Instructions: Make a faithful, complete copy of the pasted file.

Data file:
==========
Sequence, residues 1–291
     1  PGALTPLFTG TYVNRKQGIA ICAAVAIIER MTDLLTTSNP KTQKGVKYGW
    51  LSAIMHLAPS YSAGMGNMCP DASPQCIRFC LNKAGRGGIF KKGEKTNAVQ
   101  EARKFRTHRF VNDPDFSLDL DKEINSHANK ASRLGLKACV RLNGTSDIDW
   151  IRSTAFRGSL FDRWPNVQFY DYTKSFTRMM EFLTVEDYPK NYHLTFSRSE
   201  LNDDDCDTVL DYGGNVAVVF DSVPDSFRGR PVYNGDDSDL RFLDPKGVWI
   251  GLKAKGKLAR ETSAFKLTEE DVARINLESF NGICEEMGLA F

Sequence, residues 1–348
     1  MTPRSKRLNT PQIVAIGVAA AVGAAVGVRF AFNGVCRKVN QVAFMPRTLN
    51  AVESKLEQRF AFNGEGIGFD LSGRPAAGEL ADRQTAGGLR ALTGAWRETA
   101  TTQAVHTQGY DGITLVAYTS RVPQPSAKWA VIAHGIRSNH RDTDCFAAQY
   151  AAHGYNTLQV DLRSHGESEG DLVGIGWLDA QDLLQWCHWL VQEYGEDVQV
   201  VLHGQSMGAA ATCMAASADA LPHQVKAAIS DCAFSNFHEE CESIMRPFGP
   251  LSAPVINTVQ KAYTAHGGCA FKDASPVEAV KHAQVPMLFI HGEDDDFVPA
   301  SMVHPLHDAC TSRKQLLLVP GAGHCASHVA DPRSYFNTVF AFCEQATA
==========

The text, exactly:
Sequence, residues 1–291
     1  PGALTPLFTG TYVNRKQGIA ICAAVAIIER MTDLLTTSNP KTQKGVKYGW
    51  LSAIMHLAPS YSAGMGNMCP DASPQCIRFC LNKAGRGGIF KKGEKTNAVQ
   101  EARKFRTHRF VNDPDFSLDL DKEINSHANK ASRLGLKACV RLNGTSDIDW
   151  IRSTAFRGSL FDRWPNVQFY DYTKSFTRMM EFLTVEDYPK NYHLTFSRSE
   201  LNDDDCDTVL DYGGNVAVVF DSVPDSFRGR PVYNGDDSDL RFLDPKGVWI
   251  GLKAKGKLAR ETSAFKLTEE DVARINLESF NGICEEMGLA F

Sequence, residues 1–348
     1  MTPRSKRLNT PQIVAIGVAA AVGAAVGVRF AFNGVCRKVN QVAFMPRTLN
    51  AVESKLEQRF AFNGEGIGFD LSGRPAAGEL ADRQTAGGLR ALTGAWRETA
   101  TTQAVHTQGY DGITLVAYTS RVPQPSAKWA VIAHGIRSNH RDTDCFAAQY
   151  AAHGYNTLQV DLRSHGESEG DLVGIGWLDA QDLLQWCHWL VQEYGEDVQV
   201  VLHGQSMGAA ATCMAASADA LPHQVKAAIS DCAFSNFHEE CESIMRPFGP
   251  LSAPVINTVQ KAYTAHGGCA FKDASPVEAV KHAQVPMLFI HGEDDDFVPA
   301  SMVHPLHDAC TSRKQLLLVP GAGHCASHVA DPRSYFNTVF AFCEQATA